Leading a Discussion

The scholarship on teaching and learning shows that students learn better when they actively participate in the learning process than when they passively receive information. One of the most basic and accessible active learning techniques is the class discussion. Many teaching assistants are assigned to lead section meetings that may even be called "discussion sections." The small-group format (or, at least smaller than the lecture) is supposed to give students a chance to ask questions in a more comfortable environment and to discuss the material. Some TAs use the time to give a lecture or review the reading material, particularly if the professor doesn't directly address the reading in his or her lectures. If section meetings mainly recapitulate the reading material, they may become a waste of time for students who have done the reading, or a way for students to avoid reading, since the TA will tell them what they need to know. The section meeting can be a place for students to directly engage with the ideas. Discussions can give students a chance to formulate arguments, think through problems, make connections among concepts, start to see how concepts apply to other contexts, and respond to other people's points of view.

Good discussions require preparation and planning; you need to have questions and strategies in mind, and be ready to shift to a new line of questioning if one set of issues is exhausted more quickly than you expected. To get a productive discussion going, you need to ask the right kinds of questions. Some instructors start with a very general question, like, "So what did you think of today's reading?" This may elicit responses, especially if you have one or two talkative students who are just waiting for an invitation to speak, but many students won't know how to respond to such a broad question. Try to ask questions that are open-ended—they don't aim at a single correct answer—but are specific enough that students have a way into the material. Ask "why" and "how" questions rather than ones which allow a "yes" or "no" answer. A few things you can ask students to do are: focus on one particular aspect of the material; link a specific text or issue with another specific text or issue; argue for or against one point of view; think about how an idea would apply in another context; and give real-world examples of concepts. You can also ask students to share what they learned from a text or lecture, what they thought the most important new idea was, whether anything surprised them, or what image or example was most memorable. See what themes emerge from their answers.

After posing a question, give students some time to think about their responses. Instructors often fear the discomfort of silence, and rush to fill it if students don't start answering right away. Instead of offering your own answer or moving on to another question, wait a few minutes. Even if one student immediately raises his or her hand, you may still want to wait a bit before calling on that student, to let students know they'll have time to formulate a response. You can also have students write for a minute or two, and then ask them to share their answers. This way, everyone will have to think through the question, and shy students may feel more comfortable speaking up if they can read their answers. Another way to prepare students for a class-wide discussion is to first break them up into small groups or pairs that will discuss a specific problem or issue and then report back to the class.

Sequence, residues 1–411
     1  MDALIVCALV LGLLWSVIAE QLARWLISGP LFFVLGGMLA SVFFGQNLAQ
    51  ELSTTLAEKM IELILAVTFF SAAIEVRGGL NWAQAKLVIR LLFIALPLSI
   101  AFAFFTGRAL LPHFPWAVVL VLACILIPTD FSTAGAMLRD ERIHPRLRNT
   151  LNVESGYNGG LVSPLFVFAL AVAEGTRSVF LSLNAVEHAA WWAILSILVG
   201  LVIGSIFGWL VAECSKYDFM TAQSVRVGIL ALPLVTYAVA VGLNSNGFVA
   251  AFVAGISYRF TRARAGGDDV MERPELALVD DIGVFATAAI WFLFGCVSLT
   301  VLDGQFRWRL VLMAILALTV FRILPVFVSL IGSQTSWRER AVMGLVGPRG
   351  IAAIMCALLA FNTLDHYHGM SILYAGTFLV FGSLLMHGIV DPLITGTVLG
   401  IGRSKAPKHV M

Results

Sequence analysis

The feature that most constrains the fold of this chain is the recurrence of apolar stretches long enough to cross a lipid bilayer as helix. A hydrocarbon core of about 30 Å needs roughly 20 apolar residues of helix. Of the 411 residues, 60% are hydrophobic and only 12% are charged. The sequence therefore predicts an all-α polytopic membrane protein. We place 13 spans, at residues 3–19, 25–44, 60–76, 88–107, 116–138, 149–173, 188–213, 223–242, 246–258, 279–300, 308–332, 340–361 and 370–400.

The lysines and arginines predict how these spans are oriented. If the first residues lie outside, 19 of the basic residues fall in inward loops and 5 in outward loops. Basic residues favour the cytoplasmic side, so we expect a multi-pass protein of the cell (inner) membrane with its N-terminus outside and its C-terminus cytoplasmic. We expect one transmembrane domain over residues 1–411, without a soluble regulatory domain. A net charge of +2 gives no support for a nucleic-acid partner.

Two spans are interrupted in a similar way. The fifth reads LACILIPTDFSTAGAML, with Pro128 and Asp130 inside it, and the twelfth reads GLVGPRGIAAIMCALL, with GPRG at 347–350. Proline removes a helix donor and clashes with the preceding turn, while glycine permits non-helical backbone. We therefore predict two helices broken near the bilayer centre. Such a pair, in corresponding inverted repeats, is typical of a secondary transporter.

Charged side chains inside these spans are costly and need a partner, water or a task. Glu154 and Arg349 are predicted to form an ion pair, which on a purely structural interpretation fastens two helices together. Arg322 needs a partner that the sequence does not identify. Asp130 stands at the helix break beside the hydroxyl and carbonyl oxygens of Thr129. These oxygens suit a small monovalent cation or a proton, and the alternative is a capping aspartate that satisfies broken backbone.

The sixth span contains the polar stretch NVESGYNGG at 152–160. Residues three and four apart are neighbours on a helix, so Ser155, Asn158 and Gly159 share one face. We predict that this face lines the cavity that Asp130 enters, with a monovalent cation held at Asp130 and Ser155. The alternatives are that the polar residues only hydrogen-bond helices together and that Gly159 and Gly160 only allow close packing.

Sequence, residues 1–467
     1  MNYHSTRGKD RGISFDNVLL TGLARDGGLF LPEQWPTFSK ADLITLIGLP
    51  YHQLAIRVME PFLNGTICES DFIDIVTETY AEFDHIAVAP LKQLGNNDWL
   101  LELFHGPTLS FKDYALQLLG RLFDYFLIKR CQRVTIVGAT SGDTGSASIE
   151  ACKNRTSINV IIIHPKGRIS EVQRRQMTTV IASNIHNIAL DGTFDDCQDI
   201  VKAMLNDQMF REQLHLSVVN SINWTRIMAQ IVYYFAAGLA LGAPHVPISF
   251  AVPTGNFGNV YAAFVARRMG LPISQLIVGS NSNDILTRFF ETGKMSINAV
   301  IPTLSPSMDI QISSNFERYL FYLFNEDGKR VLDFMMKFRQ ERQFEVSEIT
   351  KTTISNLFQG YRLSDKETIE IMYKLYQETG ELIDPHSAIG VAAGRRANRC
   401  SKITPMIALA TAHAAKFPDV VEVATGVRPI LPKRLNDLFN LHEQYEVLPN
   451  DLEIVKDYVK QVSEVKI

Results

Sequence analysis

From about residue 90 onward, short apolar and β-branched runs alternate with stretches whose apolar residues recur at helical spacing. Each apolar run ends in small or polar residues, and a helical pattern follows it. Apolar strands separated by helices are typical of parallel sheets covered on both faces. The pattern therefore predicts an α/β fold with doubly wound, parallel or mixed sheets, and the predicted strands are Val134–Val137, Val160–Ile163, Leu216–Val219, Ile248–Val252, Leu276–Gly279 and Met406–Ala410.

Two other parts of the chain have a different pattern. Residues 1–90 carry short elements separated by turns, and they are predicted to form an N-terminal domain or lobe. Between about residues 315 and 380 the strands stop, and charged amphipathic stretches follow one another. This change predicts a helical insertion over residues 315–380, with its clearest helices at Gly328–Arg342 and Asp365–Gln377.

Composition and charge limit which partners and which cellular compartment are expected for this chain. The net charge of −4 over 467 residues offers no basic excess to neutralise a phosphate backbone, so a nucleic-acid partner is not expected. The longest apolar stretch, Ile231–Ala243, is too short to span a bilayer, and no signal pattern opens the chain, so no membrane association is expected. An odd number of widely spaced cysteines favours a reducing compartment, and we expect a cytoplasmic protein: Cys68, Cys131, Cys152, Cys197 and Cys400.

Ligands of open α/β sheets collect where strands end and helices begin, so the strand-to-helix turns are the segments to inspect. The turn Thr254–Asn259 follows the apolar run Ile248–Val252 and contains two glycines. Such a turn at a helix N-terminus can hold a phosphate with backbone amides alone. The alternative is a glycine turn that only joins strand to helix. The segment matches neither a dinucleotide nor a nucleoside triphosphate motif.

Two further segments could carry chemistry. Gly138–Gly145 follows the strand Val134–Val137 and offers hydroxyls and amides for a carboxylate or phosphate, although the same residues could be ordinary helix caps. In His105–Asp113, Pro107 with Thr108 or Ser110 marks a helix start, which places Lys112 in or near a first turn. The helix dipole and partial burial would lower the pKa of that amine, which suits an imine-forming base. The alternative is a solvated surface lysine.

Your role as the discussion leader is to keep students focused and on track; if students get far off topic, remind them what the task at hand is. Follow up on student responses by asking for specifics or evidence or elaboration of a point, and encourage students to respond to or extend each other's answers. It is not necessary to comment on every contribution to the discussion; you'll end up talking too much and dominating the class. If you have to correct a wrong answer or incorrect information, do so gently, and try to point out what was right about the student's answer. Letting a few students do all the talking while most of the class remains silent makes things easier for the instructor, but you need to try to involve as many students as possible in the discussion. Call on students who haven't participated before when they do raise their hands, and every once in a while ask to hear from students who haven't yet contributed. Another important task is to make sure that the discussion remains civil and respectful, even if it becomes heated. Set out guidelines that make it clear that students must respect each other, even when they disagree, that they may (and are encouraged to) challenge each other's and the instructor's ideas, but they may not attack anyone personally, insult them, or call them names, and that students shouldn't interrupt or speak over each other.

Leave a few minutes at the end of class to summarize the discussion and perhaps to point out how the issues you've covered that day connect to the material from the previous class and lead into future topics. Show students that they've progressed through a series of issues and that the class has accomplished something.

©2017, School of Graduate Studies, Rutgers, The State University of New Jersey